Read Absolute Power by David Baldacci Free Online
Book Title: Absolute Power|
The author of the book: David Baldacci
ISBN 13: 9780613044301
Format files: PDF
The size of the: 39.52 MB
Edition: Turtleback Books: A Division of Sanval
Date of issue: November 1st 1996
Read full description of the books Absolute Power:David Baldacci's Absolute Power has a decent story, but it was hard for me to enjoy because I found the writing so hackneyed that it distracted me from the plot. Here's a representative descriptive passage:
At the sound of the explosion, the playing stopped as three pairs of eyes turned as one toward the house. In another minute they were inside. It only took one more minute for the screams to be heard. The quiet neighborhood was no more.
Forget, for a moment, the clumsy use of the passive voice in the first sentence, and focus instead on the bizarre description of three people as "three pairs of eyes." Not only is this unnecessary, it leads to the possibility of unintentional humor in the second sentence--"In another minute they were inside"--since one can interpret this as six disembodied eyes floating into the house. And the final sentence is terrible. Not only is it an unnecessary addition to the paragraph, it doesn't make logical sense. The quiet of the neighborhood may be disturbed, but the neighborhood itself still exists. Saying that "The quiet neighborhood was no more" makes it sounds as if the neighborhood has been incinerated by a hydrogen bomb.
Baldacci's dialogue is bad, too. Here's an example:
"Jack, do you have any idea who's behind all this?"
Jack shook his head, a small groan escaping his lips. "I've got a bunch of loose threads sliding around in my head but none of them have added up to spit so far. I'm hoping that status will change. Soon."
If there is any English-speaking person in the world who speaks that way while under duress, I have yet to meet them.
And here's one final example of exactly what I don't like about Baldacci's prose:
She still stood there several minutes after he left. A series of emotions competed for space across her face, none, in the end, winning out.
The unintentional rhyming of "space" with "face" is distracting. Also, Baldacci uses a lot of words to essentially tell the reader nothing. A character seems to experience a number of emotions--none of which are specifically described--before eventually experiencing none. Is that the idea Baldacci wishes to convey? Does he even know what idea he wishes to convey about his characters or the situations in which they find themselves most of the time? It didn't seem to me as if he did.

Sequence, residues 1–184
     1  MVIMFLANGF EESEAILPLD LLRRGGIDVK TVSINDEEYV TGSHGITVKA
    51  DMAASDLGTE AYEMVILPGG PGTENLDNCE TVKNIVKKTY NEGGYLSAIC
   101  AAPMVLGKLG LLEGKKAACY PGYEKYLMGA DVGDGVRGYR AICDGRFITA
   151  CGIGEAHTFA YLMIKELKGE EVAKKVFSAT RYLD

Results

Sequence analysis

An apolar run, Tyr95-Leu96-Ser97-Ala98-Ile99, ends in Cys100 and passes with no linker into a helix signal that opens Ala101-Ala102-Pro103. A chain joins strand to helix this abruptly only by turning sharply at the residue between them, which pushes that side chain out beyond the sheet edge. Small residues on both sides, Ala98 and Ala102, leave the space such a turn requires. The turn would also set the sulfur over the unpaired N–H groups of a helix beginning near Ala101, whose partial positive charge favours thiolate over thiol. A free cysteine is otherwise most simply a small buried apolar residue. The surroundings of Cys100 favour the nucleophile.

If you've seen previews for the film version of Absolute Power or read the flap copy, you know what it's about. I suppose it could be an enjoyable potboiler if you're able to turn off the critical part of your mind that notices clumsy writing and consume the story in the fashion one consumes an entire bag of chips in one sitting, but for me, the writing was so bad it was distracting. And trust me. I read some pretty bad books.
Read information about the authorDavid Baldacci has been writing since childhood, when his mother gave him a lined notebook in which to write down his stories. (Much later, when David thanked her for being the spark that ignited his writing career, she revealed that she’d given him the notebook to keep him quiet, because “every mom needs a break now and then.”) He published his first novel, Absolute Power, in 1996; one year later, it was adapted for film, with Clint Eastwood as its director and star. In total, David has published 34 novels for adults; all have been national and international bestsellers, and several have been adapted for film and television. His novels have been translated into more than 45 languages and sold in more than 80 countries; over 110 million copies are in print worldwide. David has also published six novels for younger readers.
A lifelong Virginian, David graduated from Virginia Commonwealth University and the University of Virginia School of Law, after which he practiced law in Washington, D.C.
David and his wife, Michelle, are the co-founders of the Wish You Well Foundation®, which supports family and adult literacy in the United States. In 2008 the Foundation partnered with Feeding America to launch Feeding Body & Mind, a program to address the connection between literacy, poverty and hunger. Through Feeding Body & Mind, more than 1 million new and used books have been collected and distributed through food banks to families in need.
David and his family live in Virginia.
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